It’s safe to say that I’ve waited 10 years for a proper iPad keyboard accessory from Apple. Was the wait for the Magic Keyboard for the iPad Pro worth it? Absolutely. It’s probably better to be late to the game but have a solid product, than to deliver something that’s mediocre – I’m looking at you, Folio Keyboard – though I can’t help but wish it hadn’t quite taken a whole decade to arrive.
This isn’t quite the review I’d hoped to do for the Magic Keyboard. The coronavirus lockdown means that travel is off the cards for the moment; I’ll return with a follow-up after I’ve had a chance to put it through its paces on a plane, where I suspect it’ll come to be a common sight. For now, I’ve been using the Magic Keyboard for the iPad Pro 12.9-inch at home, but already I’m impressed by just how good it feels to type on. Responsive and tactile, with a very satisfying thunk on every keystroke, it falls somewhere between Lenovo’s ThinkPad and Google’s Pixelbook ‘boards. They’re each very different, yes, but equally great to type on, and the Magic Keyboard lands somewhere in-between.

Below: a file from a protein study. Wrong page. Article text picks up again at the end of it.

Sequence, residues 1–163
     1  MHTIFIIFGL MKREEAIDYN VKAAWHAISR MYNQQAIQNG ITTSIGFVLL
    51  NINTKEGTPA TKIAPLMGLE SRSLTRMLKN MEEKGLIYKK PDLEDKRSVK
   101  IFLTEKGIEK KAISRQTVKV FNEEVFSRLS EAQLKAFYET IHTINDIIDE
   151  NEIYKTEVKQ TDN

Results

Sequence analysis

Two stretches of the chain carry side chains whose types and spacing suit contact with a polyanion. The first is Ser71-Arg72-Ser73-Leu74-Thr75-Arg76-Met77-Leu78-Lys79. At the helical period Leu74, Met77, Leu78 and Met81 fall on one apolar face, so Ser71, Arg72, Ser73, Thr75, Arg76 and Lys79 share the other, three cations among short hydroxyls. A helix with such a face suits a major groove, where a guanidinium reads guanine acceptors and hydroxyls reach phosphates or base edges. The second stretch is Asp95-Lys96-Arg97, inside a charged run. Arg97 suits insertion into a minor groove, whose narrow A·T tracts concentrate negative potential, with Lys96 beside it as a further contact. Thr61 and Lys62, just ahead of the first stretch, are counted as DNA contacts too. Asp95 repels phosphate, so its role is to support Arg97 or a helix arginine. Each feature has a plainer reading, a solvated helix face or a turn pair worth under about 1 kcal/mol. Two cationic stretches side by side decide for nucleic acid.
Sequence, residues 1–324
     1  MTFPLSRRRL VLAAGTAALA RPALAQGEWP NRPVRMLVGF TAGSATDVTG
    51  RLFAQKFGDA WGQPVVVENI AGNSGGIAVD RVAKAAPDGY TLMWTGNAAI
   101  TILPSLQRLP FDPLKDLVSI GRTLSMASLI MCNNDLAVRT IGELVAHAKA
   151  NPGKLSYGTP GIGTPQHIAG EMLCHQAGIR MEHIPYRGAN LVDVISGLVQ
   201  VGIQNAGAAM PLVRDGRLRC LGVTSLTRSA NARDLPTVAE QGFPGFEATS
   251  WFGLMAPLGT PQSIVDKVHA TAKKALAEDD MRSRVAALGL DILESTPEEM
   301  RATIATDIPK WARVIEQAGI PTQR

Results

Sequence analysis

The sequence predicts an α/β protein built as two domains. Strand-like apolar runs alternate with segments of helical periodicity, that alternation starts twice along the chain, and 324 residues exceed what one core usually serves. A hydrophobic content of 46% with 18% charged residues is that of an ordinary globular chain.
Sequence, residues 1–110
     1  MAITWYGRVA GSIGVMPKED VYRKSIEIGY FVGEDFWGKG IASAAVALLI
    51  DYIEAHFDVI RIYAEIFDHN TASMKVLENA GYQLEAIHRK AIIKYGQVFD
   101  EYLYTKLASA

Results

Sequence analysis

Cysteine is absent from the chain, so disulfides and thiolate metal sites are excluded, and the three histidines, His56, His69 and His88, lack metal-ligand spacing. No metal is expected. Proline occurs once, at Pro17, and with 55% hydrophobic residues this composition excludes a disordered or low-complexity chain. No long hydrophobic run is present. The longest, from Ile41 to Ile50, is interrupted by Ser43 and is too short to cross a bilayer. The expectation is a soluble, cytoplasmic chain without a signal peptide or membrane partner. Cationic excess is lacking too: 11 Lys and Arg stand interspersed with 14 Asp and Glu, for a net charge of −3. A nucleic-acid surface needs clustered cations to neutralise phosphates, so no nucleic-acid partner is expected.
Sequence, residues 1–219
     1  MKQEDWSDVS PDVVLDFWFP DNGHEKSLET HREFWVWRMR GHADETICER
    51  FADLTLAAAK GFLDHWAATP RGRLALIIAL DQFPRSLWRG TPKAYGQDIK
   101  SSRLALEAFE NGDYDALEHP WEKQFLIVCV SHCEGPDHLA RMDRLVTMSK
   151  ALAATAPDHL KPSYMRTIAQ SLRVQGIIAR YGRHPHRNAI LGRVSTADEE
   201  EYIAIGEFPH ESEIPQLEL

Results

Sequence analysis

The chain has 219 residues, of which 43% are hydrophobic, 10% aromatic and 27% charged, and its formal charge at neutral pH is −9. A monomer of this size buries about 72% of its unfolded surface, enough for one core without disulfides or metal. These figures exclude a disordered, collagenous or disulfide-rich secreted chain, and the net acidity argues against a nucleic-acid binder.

The 1mm key travel doesn’t sound like a lot on paper, but in the real world it feels just right. You’re not having to press down further than necessary, but nor does it feel like you’re typing on a piece of plastic – as you would on the Apple Folio keyboard.
The bigger issue I’m encountering, though, is that my fingers and the lower right edge of the iPad keep colliding. Every time I reach for the Delete key, or any of the keys in the top right quadrant of the keyboard, my middle and ring fingers invariably smack against the lower edge of the tablet. I suspect it’ll take my brain a few days to retrain itself to keep my fingers more “curled” as I type.